Data I-O

Data I-O — basic input and output of data

Synopsis

#include <gretl/libgretl.h>

int                 gretl_read_native_data              (const char *fname,
                                                         double ***pZ,
                                                         DATAINFO *pdinfo);
int                 gretl_write_native_data             (const char *fname,
                                                         const int *list,
                                                         const double **Z,
                                                         const DATAINFO *pdinfo);
int                 gretl_read_foreign_data             (const char *fname,
                                                         GretlFileType file_type,
                                                         double ***pZ,
                                                         DATAINFO *pdinfo,
                                                         PRN *prn);
GretlFileType       gretl_detect_filetype               (const char *fname);

Description

Functionality for reading data from native-format gretl datafiles, and writing data to such files. Plus importation of data from various sorts of non-native data files.

Here is a simple but complete example of use of gretl_read_native_data() to pull data into a program's workspace and print basic info on the data that were read.

#include <gretl/libgretl.h>

int main (int argc, char **argv)
{
    char *fname;
    double **Z = NULL;
    DATAINFO *pdinfo;
    PRN *prn;
    int err;

    if (argc >= 2) {
        fname = argv[1];
    } else {
        exit(EXIT_FAILURE);
    }

    libgretl_init();
    prn = gretl_print_new(GRETL_PRINT_STDOUT, NULL);
    pdinfo = datainfo_new();
   
    err = gretl_read_native_data(fname, &Z, pdinfo);
    if (err) {
        pprintf(prn, "Got error %d reading data from %s\n", err, fname);
        errmsg(err, prn);
    } else {
        pprintf(prn, "Read data from %s OK\n", fname);
        print_smpl(pdinfo, 0, prn);
        varlist(pdinfo, prn);
    }

    destroy_dataset(Z, pdinfo);
    gretl_print_destroy(prn);
    libgretl_cleanup();

    return 0;
}

Details

gretl_read_native_data ()

int                 gretl_read_native_data              (const char *fname,
                                                         double ***pZ,
                                                         DATAINFO *pdinfo);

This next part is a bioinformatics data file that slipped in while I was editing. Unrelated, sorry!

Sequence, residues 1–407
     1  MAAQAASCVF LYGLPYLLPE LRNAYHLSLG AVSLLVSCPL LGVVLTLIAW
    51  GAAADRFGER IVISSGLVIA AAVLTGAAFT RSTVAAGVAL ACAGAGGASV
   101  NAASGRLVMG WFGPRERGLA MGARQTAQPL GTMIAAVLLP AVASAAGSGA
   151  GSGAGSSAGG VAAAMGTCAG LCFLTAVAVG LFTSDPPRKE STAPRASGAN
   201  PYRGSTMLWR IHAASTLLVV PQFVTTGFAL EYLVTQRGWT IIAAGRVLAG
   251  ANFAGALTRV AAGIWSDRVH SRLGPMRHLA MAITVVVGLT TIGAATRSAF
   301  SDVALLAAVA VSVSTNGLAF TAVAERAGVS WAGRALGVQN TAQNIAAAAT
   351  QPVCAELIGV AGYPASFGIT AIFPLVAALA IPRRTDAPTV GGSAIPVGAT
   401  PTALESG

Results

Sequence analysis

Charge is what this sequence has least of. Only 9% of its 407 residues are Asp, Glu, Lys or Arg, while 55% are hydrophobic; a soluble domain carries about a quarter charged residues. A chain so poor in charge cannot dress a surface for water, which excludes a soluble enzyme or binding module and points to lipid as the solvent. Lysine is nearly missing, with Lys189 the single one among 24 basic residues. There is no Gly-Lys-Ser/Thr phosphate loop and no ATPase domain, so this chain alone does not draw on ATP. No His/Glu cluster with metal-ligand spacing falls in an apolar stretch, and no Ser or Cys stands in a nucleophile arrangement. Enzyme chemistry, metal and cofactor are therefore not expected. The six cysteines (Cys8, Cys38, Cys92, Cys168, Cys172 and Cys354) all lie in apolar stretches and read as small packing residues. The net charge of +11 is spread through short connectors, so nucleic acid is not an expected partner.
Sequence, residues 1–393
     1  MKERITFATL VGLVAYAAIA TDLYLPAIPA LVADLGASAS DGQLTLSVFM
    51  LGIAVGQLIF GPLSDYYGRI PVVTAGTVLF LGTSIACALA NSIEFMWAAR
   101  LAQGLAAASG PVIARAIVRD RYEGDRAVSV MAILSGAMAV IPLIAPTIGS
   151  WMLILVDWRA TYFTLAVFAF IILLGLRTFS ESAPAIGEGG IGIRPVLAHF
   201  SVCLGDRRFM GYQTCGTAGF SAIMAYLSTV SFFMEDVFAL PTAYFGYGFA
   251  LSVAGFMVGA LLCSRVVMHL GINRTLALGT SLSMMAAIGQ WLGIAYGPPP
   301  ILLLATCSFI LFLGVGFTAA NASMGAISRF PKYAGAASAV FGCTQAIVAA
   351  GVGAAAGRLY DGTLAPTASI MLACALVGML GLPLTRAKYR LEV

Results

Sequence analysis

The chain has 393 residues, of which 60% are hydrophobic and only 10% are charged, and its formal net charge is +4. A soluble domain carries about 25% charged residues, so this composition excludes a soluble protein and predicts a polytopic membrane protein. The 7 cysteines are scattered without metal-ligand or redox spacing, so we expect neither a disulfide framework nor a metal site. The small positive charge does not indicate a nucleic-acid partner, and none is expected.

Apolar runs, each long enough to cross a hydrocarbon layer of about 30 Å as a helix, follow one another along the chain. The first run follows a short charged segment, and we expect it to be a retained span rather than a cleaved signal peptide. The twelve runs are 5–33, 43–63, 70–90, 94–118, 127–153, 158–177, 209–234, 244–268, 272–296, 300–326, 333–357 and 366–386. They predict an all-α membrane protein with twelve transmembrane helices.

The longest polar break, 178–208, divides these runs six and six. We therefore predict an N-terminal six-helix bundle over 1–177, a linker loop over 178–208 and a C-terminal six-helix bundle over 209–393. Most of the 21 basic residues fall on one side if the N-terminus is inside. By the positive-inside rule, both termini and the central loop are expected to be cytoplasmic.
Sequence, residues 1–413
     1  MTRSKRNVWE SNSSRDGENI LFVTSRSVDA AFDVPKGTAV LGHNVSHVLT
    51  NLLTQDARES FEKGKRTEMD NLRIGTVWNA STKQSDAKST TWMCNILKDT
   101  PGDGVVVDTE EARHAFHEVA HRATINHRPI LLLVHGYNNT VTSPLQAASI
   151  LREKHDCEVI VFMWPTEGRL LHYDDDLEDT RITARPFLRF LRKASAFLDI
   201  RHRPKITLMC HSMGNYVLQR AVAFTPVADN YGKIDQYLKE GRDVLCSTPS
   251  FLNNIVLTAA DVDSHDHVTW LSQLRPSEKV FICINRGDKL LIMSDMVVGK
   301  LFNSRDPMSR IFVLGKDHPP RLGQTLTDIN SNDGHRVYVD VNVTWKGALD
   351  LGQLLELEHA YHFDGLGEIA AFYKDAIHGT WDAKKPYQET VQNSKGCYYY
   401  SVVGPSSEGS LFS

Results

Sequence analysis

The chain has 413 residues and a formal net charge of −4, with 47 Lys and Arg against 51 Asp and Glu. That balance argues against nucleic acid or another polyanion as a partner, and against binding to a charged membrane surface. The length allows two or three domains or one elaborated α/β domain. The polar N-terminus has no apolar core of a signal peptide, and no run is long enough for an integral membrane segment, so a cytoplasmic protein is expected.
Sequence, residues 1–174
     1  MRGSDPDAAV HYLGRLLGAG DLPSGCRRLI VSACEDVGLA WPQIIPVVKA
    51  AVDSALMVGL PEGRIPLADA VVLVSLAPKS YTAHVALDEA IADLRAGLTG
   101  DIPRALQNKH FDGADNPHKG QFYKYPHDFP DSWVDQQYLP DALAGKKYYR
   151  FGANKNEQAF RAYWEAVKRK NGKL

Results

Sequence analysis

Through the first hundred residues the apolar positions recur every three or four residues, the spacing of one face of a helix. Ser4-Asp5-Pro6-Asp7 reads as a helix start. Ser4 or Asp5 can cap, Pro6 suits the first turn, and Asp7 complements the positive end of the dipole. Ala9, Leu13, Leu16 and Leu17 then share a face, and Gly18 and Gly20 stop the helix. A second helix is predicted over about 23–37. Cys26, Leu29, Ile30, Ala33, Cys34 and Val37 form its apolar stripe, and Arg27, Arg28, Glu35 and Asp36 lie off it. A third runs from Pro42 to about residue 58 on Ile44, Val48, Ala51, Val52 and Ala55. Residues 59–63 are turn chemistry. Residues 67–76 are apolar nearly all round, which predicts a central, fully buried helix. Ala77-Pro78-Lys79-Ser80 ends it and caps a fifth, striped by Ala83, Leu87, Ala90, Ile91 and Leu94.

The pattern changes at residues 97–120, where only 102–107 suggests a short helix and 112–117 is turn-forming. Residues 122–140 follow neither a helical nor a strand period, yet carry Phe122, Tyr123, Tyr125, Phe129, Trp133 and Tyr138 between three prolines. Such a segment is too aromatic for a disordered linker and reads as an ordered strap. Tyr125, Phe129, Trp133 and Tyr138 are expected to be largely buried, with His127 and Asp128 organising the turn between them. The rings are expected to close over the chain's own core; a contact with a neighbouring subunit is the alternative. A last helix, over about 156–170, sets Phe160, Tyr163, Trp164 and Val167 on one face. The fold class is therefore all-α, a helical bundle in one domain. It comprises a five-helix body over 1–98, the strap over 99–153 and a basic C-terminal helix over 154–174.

Read data from file into gretl's work space, allocating memory as required.

The argument pZ must be given as the address of an object of type (double **) which we'll call "Z". Z itself must be set to NULL on entry; it will be allocated by this function.

The argument pdinfo represents a pointer-to-DATAINFO. It should either be given as the address of a DATAINFO struct that exists at the caller level, or it can be a pointer obtained via the libgretl function datainfo_new().

fname :

path to a native gretl (.gdt) data file.

pZ :

address of data array.

pdinfo :

dataset information.

Returns :

0 on successful completion, non-zero code on error.

gretl_write_native_data ()

int                 gretl_write_native_data             (const char *fname,
                                                         const int *list,
                                                         const double **Z,
                                                         const DATAINFO *pdinfo);

Write out in native gretl (.gdt) format a data file containing the values of the given set of variables.

fname :

name of file to write.

list :

list of ID numbers of series to write (or NULL to write all).

Z :

data matrix.

pdinfo :

dataset information.

Returns :

0 on successful completion, non-zero on error.

gretl_read_foreign_data ()

int                 gretl_read_foreign_data             (const char *fname,
                                                         GretlFileType file_type,
                                                         double ***pZ,
                                                         DATAINFO *pdinfo,
                                                         PRN *prn);

Read data from a "foreign" format data file into gretl's work space, allocating memory as required. For comments on the arguments pZ and pdinfo, see gretl_read_native_data().

file_type must be one of GRETL_CSV, GRETL_OCTAVE, GRETL_GNUMERIC, GRETL_XLS, GRETL_ODS, GRETL_WF1, GRETL_DTA, GRETL_SAV, GRETL_SAS or GRETL_JMULTI. If you are unsure of the type of the file you may call gretl_detect_filetype() first. Note that the GRETL_CSV type is quite "permissive", including plain text data files with the data values separated in various ways, not just comma-separated values in the strict sense. (The separation must, however, be consistent within the given file.)

If prn is non-NULL, diagnostic information will be printed. This can be useful to gauge how successful the import was.

fname :

path to a data file of a type that gretl can handle.

file_type :

code representing the format of the data file.

pZ :

address of data array.

pdinfo :

dataset information.

prn :

printer for diagnostic info, or NULL.

Returns :

0 on successful completion, non-zero code on error.

gretl_detect_filetype ()

GretlFileType       gretl_detect_filetype               (const char *fname);

Attempts to determine if the named file is of a type from which gretl can read data.

fname :

name of the file to be examined.

Returns :

code representing the type of the data file, or GRETL_UNRECOGNIZED if the file doesn't seem to be something gretl can work with.